I have a sorted array of integers [x, ..., n, ..., y] so that
x > 0
n - x = random positive integer

The array might look something like this:
[1, 2, 3, 15, 16, 17, 120, 121, 122, 123, 124, 125, 126, 127, 210, 211, 212, 213, 214, 215]

I want to divide this array into segments so that,
1) The difference between last and first element of a segment < 125
2) The number of segments is equal to k (predefined positive integer)
3) Sum of differences between first and last element of all segments is minimal

The end result should be a list of segments with their start and end values.
The minimum size of a segment is 1.

Suppose k = 2, then the given example array could be divided into two such segments:
Option 1) [(1, 125), (126, 215)]
Option 2) [(1, 17), (120, 215)]
Both satisfy requirements 1 and 2.

Sum of differences between first and last element of all segments:
Option 1) (125-1) + (215 - 126) = 213
Option 2) (17 - 1) + (215 - 120) = 111
Therefore option 2 is the preferred solution.

Python is the used language.

Any suggestions on how to approach this problem are welcome.

  • $\begingroup$ This is CS forum - "Python is the used language" - implementation language is not relevant here. Algorithms of course are. $\endgroup$
    – MotiNK
    Mar 11, 2020 at 14:16

1 Answer 1


From a quick look at your problem, it seems that it can be solved in $O(nk)$ time using dynamic programming.

Let $[a_1, \dots, a_n]$ be your input array and define $\delta(i,j)$ as the minimum sum of the differences between the first and last element of each segment in an optimal subdivision of $[a_1, \dots, a_i]$ into at most $j$ segments. If no feasible subdivision exists then let $\delta(i,j) = +\infty$.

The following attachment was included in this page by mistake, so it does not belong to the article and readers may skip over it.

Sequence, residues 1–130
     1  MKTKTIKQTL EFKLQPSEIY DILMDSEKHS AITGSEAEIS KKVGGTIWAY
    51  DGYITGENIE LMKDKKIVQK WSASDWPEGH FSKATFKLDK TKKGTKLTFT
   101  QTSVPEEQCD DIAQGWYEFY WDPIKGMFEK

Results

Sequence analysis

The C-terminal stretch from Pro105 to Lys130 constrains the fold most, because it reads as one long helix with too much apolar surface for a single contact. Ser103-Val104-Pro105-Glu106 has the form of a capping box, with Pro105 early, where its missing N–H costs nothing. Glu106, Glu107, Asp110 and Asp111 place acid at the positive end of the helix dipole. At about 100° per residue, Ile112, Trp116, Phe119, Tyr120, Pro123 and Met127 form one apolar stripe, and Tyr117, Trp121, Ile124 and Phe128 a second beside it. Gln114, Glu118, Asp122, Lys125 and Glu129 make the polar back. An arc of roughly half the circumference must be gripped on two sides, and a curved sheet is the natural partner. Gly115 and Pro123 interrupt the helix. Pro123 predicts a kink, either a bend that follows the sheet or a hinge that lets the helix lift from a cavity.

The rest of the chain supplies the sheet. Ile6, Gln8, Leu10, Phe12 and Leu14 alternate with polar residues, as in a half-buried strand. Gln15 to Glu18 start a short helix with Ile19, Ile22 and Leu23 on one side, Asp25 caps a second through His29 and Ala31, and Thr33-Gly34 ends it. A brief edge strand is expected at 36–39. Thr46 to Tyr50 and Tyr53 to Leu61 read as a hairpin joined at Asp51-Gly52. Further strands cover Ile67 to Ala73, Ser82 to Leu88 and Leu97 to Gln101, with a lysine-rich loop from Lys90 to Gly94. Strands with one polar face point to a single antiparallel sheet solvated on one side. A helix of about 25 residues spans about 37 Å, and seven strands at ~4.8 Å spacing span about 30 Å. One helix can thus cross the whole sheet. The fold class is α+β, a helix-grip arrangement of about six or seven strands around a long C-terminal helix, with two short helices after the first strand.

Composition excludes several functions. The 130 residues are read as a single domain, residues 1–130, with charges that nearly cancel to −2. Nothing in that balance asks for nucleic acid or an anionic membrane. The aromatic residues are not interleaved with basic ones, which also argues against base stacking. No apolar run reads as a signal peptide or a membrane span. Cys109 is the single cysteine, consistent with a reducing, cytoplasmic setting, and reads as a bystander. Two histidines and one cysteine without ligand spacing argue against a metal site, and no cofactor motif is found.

• $\delta(0,j)=0$ for any $j \ge 0$;
  • $\delta(i,0)=+\infty$ for $i>0$; and
  • $\delta(i,j) = \min_{\substack{h = 1, \dots, i \\ a_i - a_h < 125}} \big\{ \delta(h-1, j-1) + a_i - a_h \big\}$, for $i,j>0$ (where the minimum over an empty set is $+\infty$).

The value of the optimal solution is $\delta(n, k)$ and, since computing each $\delta(i,j)$ requires $O(1)$ time, the overall time required is $O(nk)$. The optimal solution can be reconstructed using standard techniques (e.g., by retracing the optimal choices backwards, or by storing -for each $\delta(i,j)$- the optimal value of $h$ in the minimum).

There isn't much different between the above description an the pseudocode of the algorithm:

Let A[1],...,A[n] be the elements of the input array.
Let delta be a (n+1)x(k+1) matrix of integers, whose entries are indexed from 0 and initialized with -1 (representing +infinity);

for j=0,...,k:

for i=1,...,n:
    for j=1,...,k:
        for h=i,i-1,...,1:
            if A[i] - A[h]>=125: break;
            if delta[h-1][j-1]!=-1 and (delta[i][j]==-1 or delta[h-1][j-1] + A[i] - A[h] < delta[i][j]):
                delta[i][j] = delta[h-1][j-1] + A[i] - A[h];

return delta[n][k];
  • $\begingroup$ Thank you for this response, but since I am not that familiar with implementing functions of this notation in code, can you provide me some guidelines, pseudocode or references as to how to bring this solution to code. $\endgroup$
    – Martin
    Mar 14, 2020 at 9:02
  • $\begingroup$ I added a possible pseudocode. There isn't much difference from the previous description. $\endgroup$
    – Steven
    Mar 14, 2020 at 12:27

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